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Lichtarge Computational Biology Lab

Houston, Texas

Lichtarge Computational Biology Lab
Lichtarge Computational Biology Lab
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Universal Evolutionary Trace

The structure and function of proteins underlie most aspects of biology and their mutational perturbations often cause disease. A central question is which protein residue positions are important and cluster to form functional sites.

As a solution to this question, the Evolutionary Trace (ET) computes the relative rank of functional and structural importance among protein homologs sequence positions. The rank is lower if sequence positions vary among evolutionarily closer homologs and higher if the positions vary among evolutionarily distant homologs. Thus, ET uses evolutionary distances as a proxy for functional distances to correlate genotype variations with phenotype, or fitness, variations. This approach identifies functional determinants, predicts function, guides the mutational redesign of functional and allosteric specificity, and interprets the action of coding sequence variations in proteins, people, and populations.

The UET (Universal Evolutionary Trace) database offers pre-computed ET analyses for the protein structure databank, and on-the-fly analysis of any UNIPROT or amino acid sequence in FASTA format. Additionally, ET results map to a structure through a JSmol display to identify functionally important regions.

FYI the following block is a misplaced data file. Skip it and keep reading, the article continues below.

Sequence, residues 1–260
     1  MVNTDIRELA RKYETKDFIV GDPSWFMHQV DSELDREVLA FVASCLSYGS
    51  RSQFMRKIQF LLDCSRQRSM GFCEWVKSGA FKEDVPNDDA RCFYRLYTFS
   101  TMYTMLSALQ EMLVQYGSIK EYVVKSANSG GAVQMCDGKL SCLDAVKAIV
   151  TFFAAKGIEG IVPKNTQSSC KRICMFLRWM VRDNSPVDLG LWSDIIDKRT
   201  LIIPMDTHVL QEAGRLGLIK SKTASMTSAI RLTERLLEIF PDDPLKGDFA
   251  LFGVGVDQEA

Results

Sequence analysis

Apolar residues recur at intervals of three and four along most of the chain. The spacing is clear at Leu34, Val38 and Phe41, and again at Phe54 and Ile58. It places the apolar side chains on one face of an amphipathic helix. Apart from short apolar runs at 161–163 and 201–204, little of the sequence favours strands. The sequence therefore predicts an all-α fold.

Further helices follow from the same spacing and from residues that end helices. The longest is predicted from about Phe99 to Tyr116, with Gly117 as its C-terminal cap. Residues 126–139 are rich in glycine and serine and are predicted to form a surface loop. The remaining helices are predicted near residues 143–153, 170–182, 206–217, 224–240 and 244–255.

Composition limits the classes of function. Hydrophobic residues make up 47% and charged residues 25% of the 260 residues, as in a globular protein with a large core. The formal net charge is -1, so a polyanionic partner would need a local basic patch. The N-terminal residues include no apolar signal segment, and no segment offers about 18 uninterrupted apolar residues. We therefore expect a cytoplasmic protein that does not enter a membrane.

Step 1: Select the type of input you are providing.

You have a:
PDB ID and chain identifier (e.g. 2qrvA. View example)
Upload custom protein structure in PDB file format
UniProt accession number (if you do not have a PDB structure)
Amino acid sequence in FASTA format (View example input)



Not sure how to use this service? Watch these videos or view publication.

You may upload your own multiple sequence alignment using the Advanced Options section in the next step(s).

Important note: The services and data in this website are intended for research purposes only, not for clinical and diagnostic use.

Questions? Contact us.